Saturday, December 5
Social Conditioning and the Corporate Campus
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Social Conditioning and the Corporate Campus

By Sharon Simonson For the urbanist, the Apple Inc. campus being built in Silicon Valley is a tragedy: a 176-acre tear in the community fabric delineated with security fencing and destined to last. For the architectural historian, it is that plus a reminder: The stark separations in land use that characterize most of modern America have had — and have — purposes of people separation too. “(Apple, Google and Facebook) have created these closed enclaves where you have only badged access. It’s not exclusive in race or age or economics, or by intent to have a homogenous population, but it does create these prestigious enclaves where they control the access." Bryant Rice, business and workplace-design consultant  Despite its futuristic design and association with one of the world’s most r...
Economists: Google Garbles ‘Diversity’ Discussion
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Economists: Google Garbles ‘Diversity’ Discussion

By Sharon Simonson The ethnic and racial profile of Mountain View-based Google Inc.’s workforce is an irrelevant measure of the wrong metric premised on a weakly defined attribute, say the chair of the San Jose State University economics department and a labor-market expert at Cornell University. The search engine, advertising and invention-driven company released a demographic profile on May 28 showing that 61 percent of its U.S. workforce is white and another 30 percent is Asian. Seventy percent of its workers worldwide are men. “Google is not where it wants to be when it comes to diversity,” wrote Laszlo Bock, senior vice president of people operations for Google, in a blog post where he released the data. Bock does not indicate what demographic makeup would satisfy his company. H...
Bloomin’ ‘Burbs
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Bloomin’ ‘Burbs

By Sharon Simonson New residents settling in the East Bay suburbs and exurbs are leading regional population growth, according to new estimates from the U.S. Census Bureau. Of 20 Bay Area cities, Pleasanton and Brentwood were the fastest growing at 2.7 percent from July 2012 to July 2013. Pleasanton neighbor Livermore; Brentwood neighbors Antioch and Pittsburg; and Walnut Creek helped complete the top 10 fastest. San Jose, the region’s largest suburb, also appears to have turned a corner. The self-named Capital of Silicon Valley added not quite 16,000 people, making it the country’s 11th fastest-growing city on a numeric basis. San Jose’s 1.6 percent growth rate was its fastest in three years. The Bay Area trends echo national trends reported May 22 by The Wall Street Journal bas...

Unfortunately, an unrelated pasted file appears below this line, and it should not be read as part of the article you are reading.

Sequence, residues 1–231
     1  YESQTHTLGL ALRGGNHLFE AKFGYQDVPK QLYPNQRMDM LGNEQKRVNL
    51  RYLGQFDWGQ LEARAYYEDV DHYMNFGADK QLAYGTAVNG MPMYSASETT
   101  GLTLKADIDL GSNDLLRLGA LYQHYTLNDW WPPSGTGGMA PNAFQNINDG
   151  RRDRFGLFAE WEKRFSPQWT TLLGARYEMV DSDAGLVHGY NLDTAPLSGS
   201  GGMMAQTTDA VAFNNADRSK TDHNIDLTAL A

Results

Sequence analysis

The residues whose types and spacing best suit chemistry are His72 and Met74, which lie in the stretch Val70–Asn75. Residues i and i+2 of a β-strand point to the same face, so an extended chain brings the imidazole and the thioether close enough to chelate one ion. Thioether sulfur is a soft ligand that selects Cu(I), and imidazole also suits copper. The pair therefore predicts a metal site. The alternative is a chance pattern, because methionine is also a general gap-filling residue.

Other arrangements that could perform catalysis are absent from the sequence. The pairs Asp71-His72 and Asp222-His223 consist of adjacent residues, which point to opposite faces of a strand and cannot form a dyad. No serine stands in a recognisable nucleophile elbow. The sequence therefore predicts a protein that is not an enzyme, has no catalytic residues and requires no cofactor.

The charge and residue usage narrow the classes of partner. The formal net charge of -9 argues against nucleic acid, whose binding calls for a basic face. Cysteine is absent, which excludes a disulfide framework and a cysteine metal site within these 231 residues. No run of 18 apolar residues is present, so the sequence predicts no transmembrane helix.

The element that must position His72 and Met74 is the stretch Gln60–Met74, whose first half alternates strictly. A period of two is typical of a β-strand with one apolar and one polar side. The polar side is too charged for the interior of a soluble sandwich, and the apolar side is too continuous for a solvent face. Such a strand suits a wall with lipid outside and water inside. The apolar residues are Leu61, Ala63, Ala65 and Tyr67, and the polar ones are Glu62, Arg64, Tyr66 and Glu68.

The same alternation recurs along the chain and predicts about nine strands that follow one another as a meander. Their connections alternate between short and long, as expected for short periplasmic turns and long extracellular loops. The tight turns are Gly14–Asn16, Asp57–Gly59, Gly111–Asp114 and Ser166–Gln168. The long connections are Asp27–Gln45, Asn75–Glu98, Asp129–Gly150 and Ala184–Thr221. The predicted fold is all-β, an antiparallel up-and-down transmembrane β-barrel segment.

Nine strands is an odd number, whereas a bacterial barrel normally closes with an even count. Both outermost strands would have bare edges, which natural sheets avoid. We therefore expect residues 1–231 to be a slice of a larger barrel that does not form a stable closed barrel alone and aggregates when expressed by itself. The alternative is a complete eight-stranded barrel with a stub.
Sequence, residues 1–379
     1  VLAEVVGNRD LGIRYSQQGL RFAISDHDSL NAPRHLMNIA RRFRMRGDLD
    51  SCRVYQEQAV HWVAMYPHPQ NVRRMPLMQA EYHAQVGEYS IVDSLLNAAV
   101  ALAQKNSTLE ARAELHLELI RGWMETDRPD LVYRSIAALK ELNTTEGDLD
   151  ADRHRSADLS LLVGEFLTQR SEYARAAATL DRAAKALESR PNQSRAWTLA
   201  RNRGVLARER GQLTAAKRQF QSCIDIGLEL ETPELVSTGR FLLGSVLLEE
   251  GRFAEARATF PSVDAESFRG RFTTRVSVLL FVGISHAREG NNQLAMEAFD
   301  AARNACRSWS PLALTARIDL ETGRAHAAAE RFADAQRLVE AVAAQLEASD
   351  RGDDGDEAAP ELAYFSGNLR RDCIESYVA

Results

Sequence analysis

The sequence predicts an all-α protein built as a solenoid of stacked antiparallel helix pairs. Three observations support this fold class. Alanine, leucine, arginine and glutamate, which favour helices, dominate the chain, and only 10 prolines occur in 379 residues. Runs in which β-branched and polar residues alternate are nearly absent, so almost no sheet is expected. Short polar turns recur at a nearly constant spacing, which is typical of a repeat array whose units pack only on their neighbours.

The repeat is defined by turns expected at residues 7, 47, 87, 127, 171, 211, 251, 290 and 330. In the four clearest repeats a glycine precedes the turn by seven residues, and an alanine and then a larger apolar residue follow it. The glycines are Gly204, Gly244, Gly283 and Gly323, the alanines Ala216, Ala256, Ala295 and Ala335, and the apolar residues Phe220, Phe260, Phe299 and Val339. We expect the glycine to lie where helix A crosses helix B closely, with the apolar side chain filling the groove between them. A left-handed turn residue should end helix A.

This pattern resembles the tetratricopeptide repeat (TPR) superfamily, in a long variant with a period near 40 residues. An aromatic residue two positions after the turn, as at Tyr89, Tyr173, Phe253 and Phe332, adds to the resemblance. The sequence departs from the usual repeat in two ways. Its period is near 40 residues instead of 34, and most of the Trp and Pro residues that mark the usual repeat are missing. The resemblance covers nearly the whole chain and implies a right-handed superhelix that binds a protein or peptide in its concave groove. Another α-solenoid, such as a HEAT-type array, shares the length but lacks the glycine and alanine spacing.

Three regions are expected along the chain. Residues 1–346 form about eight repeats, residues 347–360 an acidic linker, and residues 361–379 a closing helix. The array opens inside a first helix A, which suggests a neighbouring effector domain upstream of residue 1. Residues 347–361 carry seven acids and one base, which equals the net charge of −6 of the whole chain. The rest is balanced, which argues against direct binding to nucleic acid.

Afghan Sisters in Silicon Valley
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Afghan Sisters in Silicon Valley

By Sharon Simonson SANTA CLARA, Calif.—As young children, Afghan sisters Hasina and Somaya Qaderi scampered through dusty streets once shared by soldiers under command of Alexander the Great. In their native Herat, an enormous citadel built in the early 14th century still occupies the same site as Alexander’s fort. The citadel's turreted walls rise high and stern from the central hilltop, a weighty symbol of the 2,500 years of civilized history that underlie the modern city’s expression. Herat is 7,500 miles from the suburban Santa Clara ranch home that the women now own and share with their parents. Even that enormous distance doesn’t measure the intellectual, psychological and emotional chasm that the sisters have leapt in the last 12 years, and in some ways since their births. The ...
Fertile Valley
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Fertile Valley

By Sharon Simonson Known first as the world's information technology and innovation hub, Silicon Valley and its people are much more. According to the U.S. Census Bureau, nearly four in 10 valley residents were born in another country, and the citizenry is among the nation's most racially, culturally and ethnically diverse. From 1990 to 2010, more than 20 million people from other countries settled in the United States—more even than the crush of European immigrants who came in the late 19th and early 20th centuries. Today, 40 million American residents were born elsewhere, the highest absolute count in the nation's history and the highest proportion—one in eight—since 1920. Silicon Valley's population has been among those most changed. Since 1990, the number of foreign-born residents ...